A clash of ideologues in China’s ruling Communist Party of China is emerging, though many remain unwavering in their loyalty to the Party. What does this mean for India? A tougher, non-compromising stance by Beijing on issues perceived as affecting Chinese sovereignty and territorial issues.
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Sreeram Chaulia, Vice Dean of the Jindal School of International Affairs, talks to Gateway House’s Samyukta Lakshman about his new book titled, "International Organisations and Civilian Protection".
Henry Kissinger's new book argues that the United States should yield gracefully to China's rise; Aaron Friedberg's gives the opposite advice. By focusing on intentions instead of capabilities, both books overstate China's actual power.
On May 1998, as India declared itself as a nuclear weapons state, it also committed its nuclear program to the No First Use of nuclear weapons policy. Consequently, the policy has been viewed as a democratic option, but what does this say about India?
The Fukushima Daiichi nuclear disaster has sparked debate in the field of energy security all over the world. As Germany and Switzerland announce plans to phase out nuclear power, India's nuclear’s debate, and its looming water crisis, remains largely unopened.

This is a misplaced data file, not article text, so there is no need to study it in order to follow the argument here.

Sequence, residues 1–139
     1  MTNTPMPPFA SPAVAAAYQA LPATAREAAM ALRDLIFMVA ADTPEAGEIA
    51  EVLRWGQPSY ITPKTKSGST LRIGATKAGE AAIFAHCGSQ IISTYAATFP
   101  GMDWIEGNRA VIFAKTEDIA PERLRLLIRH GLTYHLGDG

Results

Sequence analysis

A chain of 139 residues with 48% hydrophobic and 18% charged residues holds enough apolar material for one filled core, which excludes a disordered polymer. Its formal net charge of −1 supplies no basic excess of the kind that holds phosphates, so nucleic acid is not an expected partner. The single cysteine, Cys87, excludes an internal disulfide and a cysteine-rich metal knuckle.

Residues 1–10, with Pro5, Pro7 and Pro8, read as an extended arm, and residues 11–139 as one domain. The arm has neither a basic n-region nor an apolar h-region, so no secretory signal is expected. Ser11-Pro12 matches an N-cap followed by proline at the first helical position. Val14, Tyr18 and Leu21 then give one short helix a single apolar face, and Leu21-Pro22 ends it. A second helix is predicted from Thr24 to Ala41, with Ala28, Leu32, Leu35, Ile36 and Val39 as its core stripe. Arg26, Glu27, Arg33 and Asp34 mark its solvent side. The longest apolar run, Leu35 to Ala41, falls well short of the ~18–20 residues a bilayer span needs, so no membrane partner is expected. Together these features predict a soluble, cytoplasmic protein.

Despite their economic downturns, domestic tensions keep developed countries from embracing the revitalizing potential of foreign workers. Ambassador Neelam Deo argues that India should continue to leverage its history of diversity and capitalize on a world more open to the free flow of goods and services.
As Europe stands united in its support for France's Finance Minister Christine Lagarde as a candidate to head the International Monetary Fund, many have begun to question if BRICS is truly an effective and united bloc. Will they be able to put forth a candidate all emerging countries can support?
With the post for the head of the International Monetary Fund up for grabs, the emerging market countries are yet to unite and provide a suitable candidate who receives formidable support for his or her candidature. China, however, may boldly question the status quo and step ahead.
The earthquake and tsunami - not to forget the nuclear disaster - in Japan, along with the escalating Arab Spring has trigged a series of geoeconomic events. What, thus, is the bigger picture that emerges?
The 2008 financial collapse has economists pondering over the stability of global economies and the ability of those with financial power to maintain their wealth. If such a situation recurs, who will be held accountable?